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Table 1. Primer sequences for gene expression analysis using real-time PCR.

https://doi.org/10.1371/journal.pone.0174134.t001

Chromatin Immunoprecipitation Assay (ChIP)

LNCaP (1x106 cells) stably transfected with vector or AR1-558 were plated in 10cm plates (Nunc, Rochester, NY). The next day the media was replaced with 9 ml of serum-free RPMI. The cells were treated for 30 mins with R1881 (10nM), cross-linked with 1% formaldehyde and harvested. The cells were lysed in SDS lysis buffer (1%SDS, 50nM Tris (pH 8.0), 10mM EDTA, Complete™ protease inhibitors), and sonicated. The extracts were used for immunoprecipitation with anti-AR antibody AR (C-19; Santa Cruz Biotechnology). PSA primers used for real time PCR with Sybr green qPCR kit from (Invitrogen) were: 5’-GCCTGGATCTGAGAGATATCATC-3’ (forward) and 5’-ACACCTTTTTTTTCTGGA TTGTTG-3’ (reverse) [5].

Coimmunoprecipitation

LNCaP cells that stably express vector or AR1-558 [2] were cultured in RPMI 1640 culture medium supplemented with 5% FBS (v/v), 100 units/mL penicillin, and 100ug/uL streptomycin. For treatment with androgen, approximately 3x106 cells were plated individually into 15cm tissue culture dishes. After 24 hours, LNCaP cells were incubated in serum-free medium for 48 hours, treated with 1nM R1881 for 3 hours and harvested. Proteins were extracted from harvested LNCaP cells and lysed in buffer containing 10mM Tris-HCl (pH 7.4), 1% NonidetP-40, 150 mM NaCl, 0.5% sodium deoxycholate, 1 mM EDTA, 10ug/ml leupeptin, 10ug/ml aprotinin, 1mM AEBSF, 2mM Na3VO4, 10mM beta-glycerophosphate, and Complete™ protease inhibitor cocktail (Roche). Whole cell lysates were centrifuged at 14,000rpm for 20min at 4°C and supernatant was used for immunoprecipitation. Pre-clearance was done by incubation with rabbit IgG (Santa Cruz Biotechnology) and Protein A/G-agarose beads (Santa Cruz Biotechnology, sc-2003) for 1hour at 4°C with rotation. Protein complexes were incubated with AR antibody(C-19) (Santa Cruz Biotechnology, sc-815) for 90 minutes at 4°C and pulled down with Protein A/G agarose beads. After overnight incubation, protein complexes were washed with lysis buffer three times, eluted with SDS-PAGE sample loading buffer and separated by SDS-PAGE. Western blotting was performed using anti-AR(441) (Santa Cruz Biotechnology, sc-7305) and the protein bands were visualized by chemiluminescence (Amersham Biosciences).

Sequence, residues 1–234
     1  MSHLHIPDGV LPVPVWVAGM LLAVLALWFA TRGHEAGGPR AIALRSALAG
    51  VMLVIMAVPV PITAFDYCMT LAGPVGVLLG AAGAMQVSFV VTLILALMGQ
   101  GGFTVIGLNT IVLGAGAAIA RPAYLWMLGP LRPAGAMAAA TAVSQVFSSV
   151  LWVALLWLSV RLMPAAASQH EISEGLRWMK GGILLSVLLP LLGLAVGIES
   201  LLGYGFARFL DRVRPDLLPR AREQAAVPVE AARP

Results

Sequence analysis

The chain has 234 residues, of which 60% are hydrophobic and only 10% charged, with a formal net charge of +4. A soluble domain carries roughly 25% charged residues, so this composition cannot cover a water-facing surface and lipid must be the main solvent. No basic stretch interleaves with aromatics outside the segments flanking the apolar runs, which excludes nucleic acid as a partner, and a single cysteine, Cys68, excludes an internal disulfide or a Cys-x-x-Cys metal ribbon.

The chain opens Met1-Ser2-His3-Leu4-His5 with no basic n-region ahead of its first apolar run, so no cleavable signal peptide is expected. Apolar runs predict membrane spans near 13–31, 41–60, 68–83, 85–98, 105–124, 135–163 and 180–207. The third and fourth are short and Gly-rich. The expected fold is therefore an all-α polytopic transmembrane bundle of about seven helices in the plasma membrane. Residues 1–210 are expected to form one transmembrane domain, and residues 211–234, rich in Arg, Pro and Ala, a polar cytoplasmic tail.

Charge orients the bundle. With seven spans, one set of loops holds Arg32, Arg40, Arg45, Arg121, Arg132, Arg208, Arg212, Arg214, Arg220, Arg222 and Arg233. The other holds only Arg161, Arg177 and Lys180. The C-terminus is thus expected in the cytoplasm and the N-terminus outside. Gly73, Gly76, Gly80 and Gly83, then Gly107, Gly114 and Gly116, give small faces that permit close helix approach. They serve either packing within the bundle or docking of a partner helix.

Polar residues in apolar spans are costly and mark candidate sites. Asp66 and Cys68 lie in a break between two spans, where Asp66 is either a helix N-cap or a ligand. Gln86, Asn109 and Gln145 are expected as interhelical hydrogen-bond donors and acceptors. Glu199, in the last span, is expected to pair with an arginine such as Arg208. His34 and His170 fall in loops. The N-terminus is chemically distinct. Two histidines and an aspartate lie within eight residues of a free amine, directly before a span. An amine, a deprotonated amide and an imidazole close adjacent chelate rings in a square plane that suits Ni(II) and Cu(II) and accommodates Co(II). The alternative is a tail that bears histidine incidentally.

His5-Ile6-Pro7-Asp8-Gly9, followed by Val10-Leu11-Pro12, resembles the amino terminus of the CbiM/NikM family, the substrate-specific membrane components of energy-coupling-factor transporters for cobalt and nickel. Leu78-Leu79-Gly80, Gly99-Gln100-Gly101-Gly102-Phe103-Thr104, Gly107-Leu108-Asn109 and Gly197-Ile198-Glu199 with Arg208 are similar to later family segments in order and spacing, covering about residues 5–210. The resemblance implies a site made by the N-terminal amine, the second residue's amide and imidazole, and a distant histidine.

Luciferase assay

LNCaP cells (3x105 cells/well) were plated on 6-well plates (Falcon) containing RPMI with 5% FBS. After 24 hours, the medium was removed and transfection was performed by using Lipofectin® Reagent (Invitrogen). The total amount of plasmid DNA was normalized to 3 μg/ well by the addition of pRc/CMV as the control plasmid with no promoter insert. The cells were cotransfected with PSA promoter-luciferase reporter gene and various portions of AR NTD or His-tag. Cells were treated with or without forskolin (50 μM) for 48 h. Cells were harvested in 1×Passive Lysis Buffer (Promega, Madison, WI, USA) and luciferase activity in the cell lysates was measured using the Luciferase Assay Reagent (Promega). The luciferase activity was normalized to the protein concentration by Bradford assay. The inhibitory effect of each ARN decoy molecule was calculated from the normalized luciferase expression to that of the His-tag control.